Associates from occupational health, physical therapy, sports medicine and wellness recently accepted a unique challenge that some described as receiving a dose of their own medicine.
They suited up alongside firefighters from Brownsburg Fire Territory (BFT) and participated in work performance evaluations. These are assessment tools performed every year and after injuries to make sure that firefighters can meet the minimum job requirements.
“Danny Brock, Health and Safety Officer for BFT, got me interested in participating in this training day,” said Valerie Teets, sports medicine. “When I was an athletic trainer for Avon High School’s football team, I helped Danny’s son work through a few injuries. Danny understood how athletic trainers work with athletes, to get them healthy and back to their sport. Fast forward a few years, he reached out about how his firefighters might benefit from a model of services similar to the one athletic trainers provide to athletes.”
The day’s activities included running drills, using a ladder, simulating cutting through a roof with a chainsaw, and dragging a 175-pound mannequin to mimic a fire rescue. They also tested their agility in a “confidence maze” and practiced using the high-powered water hoses and nozzles.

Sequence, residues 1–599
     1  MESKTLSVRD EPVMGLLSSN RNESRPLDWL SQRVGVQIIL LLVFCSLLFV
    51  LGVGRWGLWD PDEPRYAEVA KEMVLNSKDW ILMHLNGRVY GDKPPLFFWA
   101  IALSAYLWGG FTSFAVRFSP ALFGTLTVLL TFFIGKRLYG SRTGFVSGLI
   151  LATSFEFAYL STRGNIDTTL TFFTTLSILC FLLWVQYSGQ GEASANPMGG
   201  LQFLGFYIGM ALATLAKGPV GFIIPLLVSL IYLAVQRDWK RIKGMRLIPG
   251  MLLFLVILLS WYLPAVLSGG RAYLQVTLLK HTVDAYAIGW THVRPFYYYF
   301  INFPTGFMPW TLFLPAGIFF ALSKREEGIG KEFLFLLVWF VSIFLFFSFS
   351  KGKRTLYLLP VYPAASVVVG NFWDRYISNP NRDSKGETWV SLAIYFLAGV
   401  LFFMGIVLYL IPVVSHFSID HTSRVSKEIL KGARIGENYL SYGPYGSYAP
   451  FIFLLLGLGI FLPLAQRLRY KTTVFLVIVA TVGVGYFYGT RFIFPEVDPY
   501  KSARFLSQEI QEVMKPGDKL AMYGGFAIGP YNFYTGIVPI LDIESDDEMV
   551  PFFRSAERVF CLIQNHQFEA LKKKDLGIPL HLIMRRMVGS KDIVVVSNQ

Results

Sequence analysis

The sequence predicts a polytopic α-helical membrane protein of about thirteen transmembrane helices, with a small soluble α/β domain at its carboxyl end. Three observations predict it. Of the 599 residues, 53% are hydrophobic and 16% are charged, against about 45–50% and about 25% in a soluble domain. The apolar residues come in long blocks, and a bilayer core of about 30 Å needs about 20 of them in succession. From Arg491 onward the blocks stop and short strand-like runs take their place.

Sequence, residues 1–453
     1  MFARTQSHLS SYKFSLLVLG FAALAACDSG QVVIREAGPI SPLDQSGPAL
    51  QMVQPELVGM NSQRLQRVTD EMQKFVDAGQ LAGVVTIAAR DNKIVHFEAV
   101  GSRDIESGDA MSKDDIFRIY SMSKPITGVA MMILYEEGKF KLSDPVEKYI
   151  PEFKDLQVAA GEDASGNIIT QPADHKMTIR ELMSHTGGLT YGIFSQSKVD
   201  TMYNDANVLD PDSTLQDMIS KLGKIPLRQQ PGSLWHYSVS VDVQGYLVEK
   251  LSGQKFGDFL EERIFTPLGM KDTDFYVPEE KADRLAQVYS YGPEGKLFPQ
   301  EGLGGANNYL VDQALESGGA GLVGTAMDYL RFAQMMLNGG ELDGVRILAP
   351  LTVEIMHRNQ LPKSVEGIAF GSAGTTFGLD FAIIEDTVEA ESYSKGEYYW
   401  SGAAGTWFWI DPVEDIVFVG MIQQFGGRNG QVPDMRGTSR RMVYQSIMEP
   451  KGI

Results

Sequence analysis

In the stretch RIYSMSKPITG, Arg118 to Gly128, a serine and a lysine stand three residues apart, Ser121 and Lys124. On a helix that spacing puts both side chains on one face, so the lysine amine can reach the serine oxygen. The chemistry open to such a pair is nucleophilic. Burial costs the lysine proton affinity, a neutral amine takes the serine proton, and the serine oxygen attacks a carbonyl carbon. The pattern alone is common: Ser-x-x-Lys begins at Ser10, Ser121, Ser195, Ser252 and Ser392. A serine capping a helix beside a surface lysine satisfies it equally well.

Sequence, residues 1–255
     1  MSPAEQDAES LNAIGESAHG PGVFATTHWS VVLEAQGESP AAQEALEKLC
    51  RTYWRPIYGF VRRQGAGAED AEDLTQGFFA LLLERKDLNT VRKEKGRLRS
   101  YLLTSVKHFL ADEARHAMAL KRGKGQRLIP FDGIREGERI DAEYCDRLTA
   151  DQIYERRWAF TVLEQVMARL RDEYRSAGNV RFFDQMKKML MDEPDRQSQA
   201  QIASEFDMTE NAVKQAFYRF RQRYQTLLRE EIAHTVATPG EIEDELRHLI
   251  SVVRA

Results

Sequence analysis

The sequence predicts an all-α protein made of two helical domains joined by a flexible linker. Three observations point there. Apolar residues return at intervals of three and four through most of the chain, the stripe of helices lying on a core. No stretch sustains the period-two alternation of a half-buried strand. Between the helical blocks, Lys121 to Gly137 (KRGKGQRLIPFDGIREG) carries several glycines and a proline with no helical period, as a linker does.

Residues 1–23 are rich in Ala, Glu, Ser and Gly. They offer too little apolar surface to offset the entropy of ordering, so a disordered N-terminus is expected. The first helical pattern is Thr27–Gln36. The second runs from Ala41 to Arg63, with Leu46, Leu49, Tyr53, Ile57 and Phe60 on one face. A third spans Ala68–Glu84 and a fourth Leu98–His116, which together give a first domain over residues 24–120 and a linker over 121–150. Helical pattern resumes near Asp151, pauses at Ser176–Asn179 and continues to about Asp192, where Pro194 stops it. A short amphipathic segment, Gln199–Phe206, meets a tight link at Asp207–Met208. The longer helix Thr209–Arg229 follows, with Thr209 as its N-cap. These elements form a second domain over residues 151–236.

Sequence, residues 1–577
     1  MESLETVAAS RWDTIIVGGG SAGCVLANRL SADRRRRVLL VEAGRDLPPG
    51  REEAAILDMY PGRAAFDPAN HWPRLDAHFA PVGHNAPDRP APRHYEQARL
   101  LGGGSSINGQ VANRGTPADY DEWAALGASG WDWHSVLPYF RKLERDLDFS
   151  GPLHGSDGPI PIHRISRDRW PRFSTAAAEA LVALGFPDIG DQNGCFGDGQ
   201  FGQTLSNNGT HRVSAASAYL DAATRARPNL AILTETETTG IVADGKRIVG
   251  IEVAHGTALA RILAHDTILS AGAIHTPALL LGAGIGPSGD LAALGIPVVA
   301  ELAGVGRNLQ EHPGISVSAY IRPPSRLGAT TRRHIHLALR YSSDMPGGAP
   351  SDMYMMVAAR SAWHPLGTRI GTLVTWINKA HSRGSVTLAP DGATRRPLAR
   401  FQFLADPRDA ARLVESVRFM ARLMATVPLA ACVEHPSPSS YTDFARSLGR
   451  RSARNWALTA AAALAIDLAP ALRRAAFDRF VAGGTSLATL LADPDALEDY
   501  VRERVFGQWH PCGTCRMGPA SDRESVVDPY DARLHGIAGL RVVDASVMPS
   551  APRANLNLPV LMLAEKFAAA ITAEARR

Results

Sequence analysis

This training day was organized as part of HRH’s agreement to conduct BFT’s Fit for Duty Physicals. HRH will also begin performing the tests for Avon, Danville and Mooresville Fire Departments this year, and Plainfield starting in 2022. “This was a really educational experience,” said Brian Hilts, physical therapy. “Better understanding the realities the firefighters’ bodies endure will improve our evaluations and help expedite appropriate treatments.”
“The toughest activity for me was the confidence maze,” said Nicholas Galley, wellness. “We didn’t have to wear an oxygen pack, whereas real firefighters would wear one even in the tightest of spaces. I couldn’t believe they had to complete the maze with one on; it was challenging enough wearing just the protective gear.”
“By taking advantage of the opportunity to walk in their shoes, we gained a better understanding of what movement is required to fully execute their jobs,” said Valerie. “The result is a win for all of us.”
“This opportunity gave our associates unique insights into the many physical and mental demands of being a firefighter,” said HRH President & CEO Kevin Speer. “I’m very proud of the example they set by taking these extra steps to support our first responders.”